4. Conclusion

Today, the English language is on its way to establishing itself as the universal language of the world. When we imagine the future based on this fact, it seems probable that the word “window” will eventually assimilate the various meanings and concepts of “window” that exist in the different languages. In other words, while the word “window” will retain its core meaning of “window” in the sense of a component of a house, the images and concepts attached to it will no doubt continue to be influenced by the mother tongue of each speaker. In this way, the word “window” allows us to see into the dynamic historical development of the English language.


-Ando, Sadao. Sanseidō eigo idiomu/kudōshi daijiten. Tokyo: Sanseido, 2011.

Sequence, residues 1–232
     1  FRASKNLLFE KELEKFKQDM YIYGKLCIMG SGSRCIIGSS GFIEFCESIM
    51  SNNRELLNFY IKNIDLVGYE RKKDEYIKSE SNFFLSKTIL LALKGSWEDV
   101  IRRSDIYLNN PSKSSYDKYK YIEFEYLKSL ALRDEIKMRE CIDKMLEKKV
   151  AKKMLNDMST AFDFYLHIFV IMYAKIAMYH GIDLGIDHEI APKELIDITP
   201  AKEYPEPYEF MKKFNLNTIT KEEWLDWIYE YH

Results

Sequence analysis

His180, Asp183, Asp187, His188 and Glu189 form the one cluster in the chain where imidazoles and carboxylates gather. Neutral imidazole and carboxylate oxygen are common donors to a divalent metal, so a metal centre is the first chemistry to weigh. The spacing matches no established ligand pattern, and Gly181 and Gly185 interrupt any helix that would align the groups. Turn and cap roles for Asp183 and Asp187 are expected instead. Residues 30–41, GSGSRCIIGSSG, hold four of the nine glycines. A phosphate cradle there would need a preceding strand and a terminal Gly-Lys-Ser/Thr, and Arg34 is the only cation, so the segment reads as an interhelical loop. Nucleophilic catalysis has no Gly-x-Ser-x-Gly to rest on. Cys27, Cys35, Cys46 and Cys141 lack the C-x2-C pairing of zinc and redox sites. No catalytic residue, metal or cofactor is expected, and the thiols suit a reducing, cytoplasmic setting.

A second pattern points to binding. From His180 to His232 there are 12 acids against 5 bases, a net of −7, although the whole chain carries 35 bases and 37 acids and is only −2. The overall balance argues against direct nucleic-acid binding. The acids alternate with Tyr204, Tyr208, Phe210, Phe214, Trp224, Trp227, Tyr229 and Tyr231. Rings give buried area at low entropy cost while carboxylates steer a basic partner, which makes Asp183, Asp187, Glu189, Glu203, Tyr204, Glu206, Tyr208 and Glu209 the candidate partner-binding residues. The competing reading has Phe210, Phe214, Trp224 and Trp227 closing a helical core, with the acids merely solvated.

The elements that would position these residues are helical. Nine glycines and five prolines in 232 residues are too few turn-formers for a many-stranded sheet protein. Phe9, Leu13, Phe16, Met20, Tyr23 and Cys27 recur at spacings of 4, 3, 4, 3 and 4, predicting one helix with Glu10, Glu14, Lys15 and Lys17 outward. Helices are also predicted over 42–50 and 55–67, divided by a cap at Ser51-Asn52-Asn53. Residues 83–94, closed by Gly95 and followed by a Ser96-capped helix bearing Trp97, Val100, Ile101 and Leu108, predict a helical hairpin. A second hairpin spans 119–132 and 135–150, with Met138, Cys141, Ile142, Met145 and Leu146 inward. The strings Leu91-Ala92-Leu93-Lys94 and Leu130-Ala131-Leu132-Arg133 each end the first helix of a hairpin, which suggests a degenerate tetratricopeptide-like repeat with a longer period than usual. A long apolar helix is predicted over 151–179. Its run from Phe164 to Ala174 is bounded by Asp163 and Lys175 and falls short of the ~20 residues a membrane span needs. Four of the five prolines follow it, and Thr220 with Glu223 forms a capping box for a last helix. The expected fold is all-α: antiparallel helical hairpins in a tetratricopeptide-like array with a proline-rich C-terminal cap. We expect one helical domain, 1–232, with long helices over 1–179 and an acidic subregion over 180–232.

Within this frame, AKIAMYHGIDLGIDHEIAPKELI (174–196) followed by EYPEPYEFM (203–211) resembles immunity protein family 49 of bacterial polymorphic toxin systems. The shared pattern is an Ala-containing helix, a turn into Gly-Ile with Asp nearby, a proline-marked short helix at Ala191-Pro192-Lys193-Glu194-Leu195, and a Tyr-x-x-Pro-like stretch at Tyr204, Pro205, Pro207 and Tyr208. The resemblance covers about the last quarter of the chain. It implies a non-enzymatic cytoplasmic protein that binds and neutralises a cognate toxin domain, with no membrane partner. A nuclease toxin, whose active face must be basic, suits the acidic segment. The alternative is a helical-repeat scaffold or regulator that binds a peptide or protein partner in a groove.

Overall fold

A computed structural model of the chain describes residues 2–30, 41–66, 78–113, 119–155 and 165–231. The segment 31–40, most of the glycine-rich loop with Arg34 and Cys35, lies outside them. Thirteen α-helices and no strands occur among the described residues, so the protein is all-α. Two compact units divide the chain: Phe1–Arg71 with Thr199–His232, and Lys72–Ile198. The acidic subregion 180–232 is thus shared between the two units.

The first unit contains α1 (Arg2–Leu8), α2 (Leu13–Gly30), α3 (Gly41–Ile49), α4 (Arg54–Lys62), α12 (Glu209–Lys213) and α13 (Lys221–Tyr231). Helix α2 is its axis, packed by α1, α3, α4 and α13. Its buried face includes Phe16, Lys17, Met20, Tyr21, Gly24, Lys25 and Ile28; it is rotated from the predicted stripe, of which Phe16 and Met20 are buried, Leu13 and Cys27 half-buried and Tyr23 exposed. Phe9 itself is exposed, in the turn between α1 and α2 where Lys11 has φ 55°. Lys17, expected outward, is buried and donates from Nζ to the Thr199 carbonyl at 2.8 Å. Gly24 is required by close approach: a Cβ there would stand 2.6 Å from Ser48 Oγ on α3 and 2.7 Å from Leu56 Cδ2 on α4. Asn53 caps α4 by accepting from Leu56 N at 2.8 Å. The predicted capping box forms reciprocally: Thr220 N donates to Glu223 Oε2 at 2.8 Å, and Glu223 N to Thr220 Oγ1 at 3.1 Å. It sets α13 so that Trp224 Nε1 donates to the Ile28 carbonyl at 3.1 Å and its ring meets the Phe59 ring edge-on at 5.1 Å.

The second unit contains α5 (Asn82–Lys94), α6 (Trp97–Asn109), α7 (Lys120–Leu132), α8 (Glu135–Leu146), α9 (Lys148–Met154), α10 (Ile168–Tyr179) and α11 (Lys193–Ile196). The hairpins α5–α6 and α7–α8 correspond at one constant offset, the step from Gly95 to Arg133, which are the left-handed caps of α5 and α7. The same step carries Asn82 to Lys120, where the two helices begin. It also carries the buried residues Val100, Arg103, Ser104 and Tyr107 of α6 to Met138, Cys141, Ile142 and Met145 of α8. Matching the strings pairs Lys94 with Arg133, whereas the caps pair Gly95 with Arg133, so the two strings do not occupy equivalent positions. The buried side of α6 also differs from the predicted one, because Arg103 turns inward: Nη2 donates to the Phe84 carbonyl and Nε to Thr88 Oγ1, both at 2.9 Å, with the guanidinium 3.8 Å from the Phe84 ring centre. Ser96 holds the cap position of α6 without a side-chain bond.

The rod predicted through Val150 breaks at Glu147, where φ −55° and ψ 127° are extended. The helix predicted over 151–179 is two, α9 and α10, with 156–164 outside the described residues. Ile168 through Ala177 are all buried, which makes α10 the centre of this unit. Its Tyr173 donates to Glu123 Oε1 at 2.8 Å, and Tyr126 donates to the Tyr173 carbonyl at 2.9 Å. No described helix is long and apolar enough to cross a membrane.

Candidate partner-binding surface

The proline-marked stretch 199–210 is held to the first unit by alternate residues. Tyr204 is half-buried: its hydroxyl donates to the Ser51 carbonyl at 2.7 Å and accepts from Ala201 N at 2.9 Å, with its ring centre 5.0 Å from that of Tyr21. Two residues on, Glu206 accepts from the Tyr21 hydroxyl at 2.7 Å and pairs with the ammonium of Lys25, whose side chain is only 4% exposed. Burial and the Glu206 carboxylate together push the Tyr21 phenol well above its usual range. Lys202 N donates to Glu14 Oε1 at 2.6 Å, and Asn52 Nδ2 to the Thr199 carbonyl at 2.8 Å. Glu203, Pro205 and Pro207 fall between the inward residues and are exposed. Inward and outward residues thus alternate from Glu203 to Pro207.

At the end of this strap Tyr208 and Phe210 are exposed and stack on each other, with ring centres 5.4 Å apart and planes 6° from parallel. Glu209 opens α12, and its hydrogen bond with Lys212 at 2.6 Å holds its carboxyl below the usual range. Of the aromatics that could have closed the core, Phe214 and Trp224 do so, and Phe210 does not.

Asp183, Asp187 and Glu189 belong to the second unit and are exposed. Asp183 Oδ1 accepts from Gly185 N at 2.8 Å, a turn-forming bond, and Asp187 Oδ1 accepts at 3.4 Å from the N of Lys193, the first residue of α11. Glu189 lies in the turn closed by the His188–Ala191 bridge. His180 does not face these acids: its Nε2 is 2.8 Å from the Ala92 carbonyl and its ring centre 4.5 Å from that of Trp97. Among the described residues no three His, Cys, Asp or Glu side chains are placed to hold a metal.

-Apperson, G. L. The Wordsworth Dictionary of Proverbs. Ware: Wordsworth Editions, 1993.
-Ayto, John. Oxford Dictionary of English Idioms, 3rd edition. Oxford: Oxford University Press, 2010.
-Brewer, Ebenezer Cobham. Burūwā eigo koji seigo daijiten (Brewerʼs Dictionary of Phrase and Fable). Translated by Shozo Kajima. Tokyo: Taishukan Shoten, 1994.
-Gove, Philip Babcock. Websterʼs Third New International Dictionary of the English Language, Unabridged. Springfield: Merriam-Webster, 2002.
-Hori, Tatsunosuke. Eiwa taiyaku shūchin jisho (A Pocket Dictionary of the English and Japanese Language), 2nd edition. Tokyo: Shuzansha, 1988.
-Jona, Hokojiro and Asahi Ibuningu Nyususha. Nichiei koji kotowaza jiten. Tokyo: Asahi Ibuningu Nyususha, 1982.
-McCaleb, John G. and Morihiko Iwagaki. All-Purpose Dictionary of English Idioms and Expressions (Eiwa idiomu kanzen taiyaku jiten). Tokyo: Asahi Press, 2003.
-Mieder, Wolfgang, Stewart A. Kingsbury, and Kelsie B. Harder. A Dictionary of American Proverbs. New York/Oxford: Oxford University Press, 1992.
-Sanseido Henshujo. Ōkina katsuji no konsaisu katakanago jiten. Tokyo: Sanseido, 1998.